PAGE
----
My Friend, Rick (Part 1)
I’ve been doing as much research as I possibly can about lung transplants. I previously wrote that I’ve been pre-accepted into the New York/Presbyterian/Columbia Lung Transplant Program. That means that, while I’ve met many of the criteria for a transplant, I’m not quite there yet.
Testing for qualification to the program is extensive. I’ve spent four entire days at the Lung Transplant Program Center over the past 6 months. But I’m not on the waiting list just yet. Essentially, the testing is to investigate if the rest of your body and its organs can withstand the rigors of the transplant. As you can imagine, it is quite invasive.
“Would you like to meet him?”
Ironically, I was recently introduced, by a friend, to a neighbor of mine in Bergen County, New Jersey who recently underwent a lung transplant at the same Columbia program. My friend and I had spoken on a number of occasions about my progress in the effort to be placed on the Lung Transplant Waiting List. He said, “Well, this may come as a surprise but a mutual neighbor of yours and mine just came home from Columbia after receiving a new lung. Would you like to meet him?” “Are you kidding?” I said. “Absolutely.”
My friend, Rick
For the sake of anonymity, I’ll refer to him as “Rick.” Rick developed pulmonary fibrosis or interstitial lung disease by being exposed to carcinogens at the World Trade Center on September 11, 2001. The symptoms of pulmonary fibrosis are very similar to those of COPD and the benefits of a lung transplant are precisely the same. It took almost 20 years but last year his breathing became extremely difficult and was growing worse rapidly. He became very restricted in what he could do. He sought help and fund an excellent pulmonologist here in Bergen County, New Jersey.
Rick: Dr. Smith, (not her real name) said to me at our first appointment that I would quite possibly need a lung transplant. And I said, ‘You must be joking. That’s palpably absurd. There’s no way I’m going to get to that stage.’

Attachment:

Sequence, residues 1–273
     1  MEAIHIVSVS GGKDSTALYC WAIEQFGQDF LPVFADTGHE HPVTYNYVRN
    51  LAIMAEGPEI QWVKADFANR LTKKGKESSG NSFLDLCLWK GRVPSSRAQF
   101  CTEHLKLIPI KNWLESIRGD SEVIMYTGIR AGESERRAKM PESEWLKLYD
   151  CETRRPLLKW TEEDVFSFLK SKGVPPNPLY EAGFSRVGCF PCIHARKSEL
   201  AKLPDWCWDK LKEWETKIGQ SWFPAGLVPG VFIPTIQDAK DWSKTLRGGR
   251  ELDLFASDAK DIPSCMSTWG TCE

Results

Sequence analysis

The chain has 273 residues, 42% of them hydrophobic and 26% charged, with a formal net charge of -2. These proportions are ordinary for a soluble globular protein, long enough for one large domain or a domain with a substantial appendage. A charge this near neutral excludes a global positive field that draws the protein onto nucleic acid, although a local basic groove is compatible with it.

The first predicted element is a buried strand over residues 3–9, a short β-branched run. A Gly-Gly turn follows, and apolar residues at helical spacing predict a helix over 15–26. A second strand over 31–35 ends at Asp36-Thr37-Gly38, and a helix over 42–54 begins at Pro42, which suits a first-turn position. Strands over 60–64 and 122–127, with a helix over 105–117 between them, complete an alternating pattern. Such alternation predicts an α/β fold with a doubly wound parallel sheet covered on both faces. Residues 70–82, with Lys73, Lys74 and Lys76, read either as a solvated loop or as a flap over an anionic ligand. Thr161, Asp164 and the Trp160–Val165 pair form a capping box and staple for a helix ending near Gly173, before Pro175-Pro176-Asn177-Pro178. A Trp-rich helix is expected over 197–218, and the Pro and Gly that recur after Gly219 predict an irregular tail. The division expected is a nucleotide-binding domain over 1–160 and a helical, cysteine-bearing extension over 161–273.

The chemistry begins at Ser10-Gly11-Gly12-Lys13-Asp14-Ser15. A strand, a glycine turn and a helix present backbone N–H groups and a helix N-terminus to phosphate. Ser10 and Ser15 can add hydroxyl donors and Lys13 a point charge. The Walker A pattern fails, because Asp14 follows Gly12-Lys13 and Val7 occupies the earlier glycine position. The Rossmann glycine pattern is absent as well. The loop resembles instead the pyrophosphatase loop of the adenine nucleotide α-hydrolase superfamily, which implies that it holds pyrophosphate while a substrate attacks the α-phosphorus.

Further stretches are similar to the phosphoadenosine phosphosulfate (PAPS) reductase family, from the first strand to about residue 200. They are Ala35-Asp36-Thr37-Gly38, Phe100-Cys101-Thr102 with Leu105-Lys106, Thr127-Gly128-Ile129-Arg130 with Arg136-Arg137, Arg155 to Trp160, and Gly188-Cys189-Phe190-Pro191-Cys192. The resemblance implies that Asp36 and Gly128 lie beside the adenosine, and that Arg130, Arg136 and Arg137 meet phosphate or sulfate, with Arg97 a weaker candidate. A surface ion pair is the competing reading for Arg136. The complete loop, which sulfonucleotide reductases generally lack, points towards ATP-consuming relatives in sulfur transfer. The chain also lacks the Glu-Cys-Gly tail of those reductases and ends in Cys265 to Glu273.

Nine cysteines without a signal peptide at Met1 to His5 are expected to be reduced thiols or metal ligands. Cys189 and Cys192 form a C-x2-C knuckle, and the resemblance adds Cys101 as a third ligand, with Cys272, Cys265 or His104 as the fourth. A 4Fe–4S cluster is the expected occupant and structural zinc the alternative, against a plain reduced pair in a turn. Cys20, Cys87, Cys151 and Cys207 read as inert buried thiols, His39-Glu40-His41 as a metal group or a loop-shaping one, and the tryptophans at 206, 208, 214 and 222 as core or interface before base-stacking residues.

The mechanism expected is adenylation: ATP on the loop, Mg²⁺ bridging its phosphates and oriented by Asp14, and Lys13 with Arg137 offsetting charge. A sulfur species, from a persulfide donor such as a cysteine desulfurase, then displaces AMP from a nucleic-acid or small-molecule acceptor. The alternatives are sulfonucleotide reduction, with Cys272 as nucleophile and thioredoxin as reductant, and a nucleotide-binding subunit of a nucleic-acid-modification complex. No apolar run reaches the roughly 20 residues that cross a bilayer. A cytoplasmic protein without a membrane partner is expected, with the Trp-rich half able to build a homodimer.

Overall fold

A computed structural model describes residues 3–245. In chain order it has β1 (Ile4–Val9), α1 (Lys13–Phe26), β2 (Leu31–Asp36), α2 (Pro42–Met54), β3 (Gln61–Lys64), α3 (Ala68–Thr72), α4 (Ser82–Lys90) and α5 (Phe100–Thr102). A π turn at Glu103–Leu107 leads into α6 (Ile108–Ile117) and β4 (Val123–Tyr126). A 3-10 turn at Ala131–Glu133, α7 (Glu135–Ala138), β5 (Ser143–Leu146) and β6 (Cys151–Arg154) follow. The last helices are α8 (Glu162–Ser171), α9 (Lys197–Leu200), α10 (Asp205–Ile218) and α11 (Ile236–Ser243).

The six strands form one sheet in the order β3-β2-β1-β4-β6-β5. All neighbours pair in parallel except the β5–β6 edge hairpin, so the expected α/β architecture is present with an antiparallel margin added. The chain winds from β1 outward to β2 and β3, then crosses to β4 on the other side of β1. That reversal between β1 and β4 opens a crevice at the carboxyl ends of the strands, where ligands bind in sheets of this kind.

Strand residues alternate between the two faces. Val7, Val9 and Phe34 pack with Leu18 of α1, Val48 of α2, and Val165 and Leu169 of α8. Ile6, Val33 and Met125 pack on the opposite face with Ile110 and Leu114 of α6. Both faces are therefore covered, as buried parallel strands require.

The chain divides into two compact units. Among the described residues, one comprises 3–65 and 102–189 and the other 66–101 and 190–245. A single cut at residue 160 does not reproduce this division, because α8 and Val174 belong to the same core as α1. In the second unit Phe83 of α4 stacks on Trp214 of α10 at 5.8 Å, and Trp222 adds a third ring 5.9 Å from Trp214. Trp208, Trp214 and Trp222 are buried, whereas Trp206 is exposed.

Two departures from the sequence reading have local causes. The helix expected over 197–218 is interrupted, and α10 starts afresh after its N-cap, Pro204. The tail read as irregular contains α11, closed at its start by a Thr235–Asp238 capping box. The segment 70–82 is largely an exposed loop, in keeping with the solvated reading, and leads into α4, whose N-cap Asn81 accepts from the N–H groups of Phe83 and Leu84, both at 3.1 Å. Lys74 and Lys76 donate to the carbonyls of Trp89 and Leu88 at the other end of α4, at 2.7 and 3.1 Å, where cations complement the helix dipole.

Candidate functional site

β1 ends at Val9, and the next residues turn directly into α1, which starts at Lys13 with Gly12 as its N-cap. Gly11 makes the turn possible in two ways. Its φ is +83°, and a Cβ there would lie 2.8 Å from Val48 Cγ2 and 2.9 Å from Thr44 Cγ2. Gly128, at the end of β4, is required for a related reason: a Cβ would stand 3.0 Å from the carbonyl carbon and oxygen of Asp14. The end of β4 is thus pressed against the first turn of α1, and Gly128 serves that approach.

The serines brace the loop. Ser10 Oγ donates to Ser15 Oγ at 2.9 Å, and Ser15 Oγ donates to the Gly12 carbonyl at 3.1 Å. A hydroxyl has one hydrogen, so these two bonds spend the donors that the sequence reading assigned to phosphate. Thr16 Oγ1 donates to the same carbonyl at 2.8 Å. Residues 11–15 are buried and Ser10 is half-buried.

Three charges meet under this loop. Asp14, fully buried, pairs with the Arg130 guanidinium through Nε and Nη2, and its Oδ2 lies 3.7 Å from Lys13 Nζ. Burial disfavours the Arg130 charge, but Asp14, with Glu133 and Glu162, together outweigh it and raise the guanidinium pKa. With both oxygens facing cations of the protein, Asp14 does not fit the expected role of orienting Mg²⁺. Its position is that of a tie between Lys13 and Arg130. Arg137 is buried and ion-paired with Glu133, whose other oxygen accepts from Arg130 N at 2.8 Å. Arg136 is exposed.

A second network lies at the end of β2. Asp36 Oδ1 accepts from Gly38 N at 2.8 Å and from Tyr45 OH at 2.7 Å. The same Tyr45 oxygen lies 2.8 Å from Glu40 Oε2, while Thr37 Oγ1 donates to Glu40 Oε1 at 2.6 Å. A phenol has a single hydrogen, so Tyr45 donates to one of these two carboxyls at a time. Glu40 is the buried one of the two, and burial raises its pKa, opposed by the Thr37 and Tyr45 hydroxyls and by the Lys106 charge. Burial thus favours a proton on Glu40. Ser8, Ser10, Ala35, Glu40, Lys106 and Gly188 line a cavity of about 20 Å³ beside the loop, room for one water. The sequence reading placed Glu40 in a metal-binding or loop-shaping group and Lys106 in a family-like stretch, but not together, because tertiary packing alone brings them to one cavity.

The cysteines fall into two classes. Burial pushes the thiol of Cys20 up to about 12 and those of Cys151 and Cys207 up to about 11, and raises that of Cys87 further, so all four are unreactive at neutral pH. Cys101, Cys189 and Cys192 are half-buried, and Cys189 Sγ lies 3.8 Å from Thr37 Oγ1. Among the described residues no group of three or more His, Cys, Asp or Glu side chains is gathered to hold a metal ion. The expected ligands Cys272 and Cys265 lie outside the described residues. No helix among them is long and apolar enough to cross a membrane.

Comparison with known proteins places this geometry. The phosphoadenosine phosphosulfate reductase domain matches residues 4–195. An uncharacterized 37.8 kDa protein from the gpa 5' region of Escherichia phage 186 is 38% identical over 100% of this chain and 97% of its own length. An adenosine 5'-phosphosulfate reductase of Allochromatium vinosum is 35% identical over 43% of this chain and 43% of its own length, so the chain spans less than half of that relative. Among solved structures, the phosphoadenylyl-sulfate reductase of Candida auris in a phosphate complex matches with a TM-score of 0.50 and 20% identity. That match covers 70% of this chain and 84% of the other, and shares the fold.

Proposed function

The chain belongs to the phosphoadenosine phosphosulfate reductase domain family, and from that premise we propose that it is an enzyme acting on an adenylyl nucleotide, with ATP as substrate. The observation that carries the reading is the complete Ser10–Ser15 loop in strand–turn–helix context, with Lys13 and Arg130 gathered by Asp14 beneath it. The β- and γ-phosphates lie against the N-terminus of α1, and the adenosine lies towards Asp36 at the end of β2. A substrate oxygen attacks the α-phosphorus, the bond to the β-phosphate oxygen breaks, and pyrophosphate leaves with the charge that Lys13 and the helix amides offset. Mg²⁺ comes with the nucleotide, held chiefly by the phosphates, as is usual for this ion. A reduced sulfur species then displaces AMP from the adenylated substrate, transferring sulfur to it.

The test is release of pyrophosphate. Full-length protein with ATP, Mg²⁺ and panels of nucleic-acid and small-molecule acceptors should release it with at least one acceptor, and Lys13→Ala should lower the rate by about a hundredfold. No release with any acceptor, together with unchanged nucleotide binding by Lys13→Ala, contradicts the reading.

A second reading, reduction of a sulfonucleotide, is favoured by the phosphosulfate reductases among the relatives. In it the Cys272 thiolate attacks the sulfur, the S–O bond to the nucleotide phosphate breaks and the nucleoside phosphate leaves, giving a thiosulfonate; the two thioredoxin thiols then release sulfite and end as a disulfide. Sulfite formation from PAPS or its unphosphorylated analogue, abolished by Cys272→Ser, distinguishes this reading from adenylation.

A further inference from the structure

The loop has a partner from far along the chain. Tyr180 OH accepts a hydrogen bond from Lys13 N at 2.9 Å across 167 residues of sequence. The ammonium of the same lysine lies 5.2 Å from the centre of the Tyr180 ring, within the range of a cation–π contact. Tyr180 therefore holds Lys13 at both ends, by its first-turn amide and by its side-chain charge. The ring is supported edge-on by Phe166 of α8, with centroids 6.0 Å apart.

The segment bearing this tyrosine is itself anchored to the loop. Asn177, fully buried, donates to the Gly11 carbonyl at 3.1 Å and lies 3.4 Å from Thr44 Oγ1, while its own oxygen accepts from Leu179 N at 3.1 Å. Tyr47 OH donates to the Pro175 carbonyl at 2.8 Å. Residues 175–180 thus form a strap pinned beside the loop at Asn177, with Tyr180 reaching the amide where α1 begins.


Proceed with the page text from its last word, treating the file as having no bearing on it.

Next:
A few months later, after he had a lung biopsy that confirmed the diagnosis, Rick decided to go to a top doctor at Mount Sinai Hospital in New York City because that doctor had a great deal of experience with patients who had exposure on 9/11 down at the World Trade Center.
Rick: So I kind of transferred to Dr. Jones (again – not a real name) at Mount Sinai. Unfortunately, they tried various treatments to treat this kind of pulmonary fibrosis or interstitial lung disease, and nothing worked. My decline continued and about early this year (early 2019) it really started declining more quickly. So, Dr. Jones at Mount Sinai said, ‘You need to choose a (transplant) center, and you need to start the evaluation process.’ It takes two months, and she said if you get on the list, you could ‘get the call’ in a couple of days.
Me: So, what was your reaction?
Rick: I said, ‘Are you kidding me?’ I was gasping and coughing, but I thought you had to be sprawled out on the ground to be eligible for a transplant. But she said no and then I went through the process at Columbia.
Me: It sounds like you had a similar experience to mine.
Rick: Exactly. I was formally put on the list for a transplant at the beginning of September. I got a call a few days later, but it turned out to be what they call a dry run. Yep, like a false call. So, I was actually in the city that day and they said, ‘Come over to the hospital. Sit tight.’
Me: Wow. So then…?
Rick: It didn’t work out. But then on October 2nd of this year (2019) I got a second call. Three weeks and an hour ago to this minute, sitting at the desk in my home office, and I said ‘This is it, this is surreal.’ I was told to come on in as I was next up, and if the lung passed all requirements, it would be mine.
Me: Were you excited? Frightened? I think I’d be both.
Rick: So, I called my girlfriend. I said, ‘Let’s go, get your bag.’ We were waiting for a few hours for the preliminary test results, then at 11 o’clock or 12 o’clock they rolled me, Wednesday, October 2, and they transplanted a lung.
Me: Incredible. What was recovery like?
Rick: 15 days, no fun at all.
Rick: In my life I’ve spent almost no time in a hospital. I had one hospital (stay) when I was five years old to have my tonsils taken out and I had one night at Valley (hospital) to take this lung biopsy. Nothing in between.
Me: And how do you feel now?
Rick: Now on the road to recovery. So far so good. Praying for the long haul.
Part 2 to Follow
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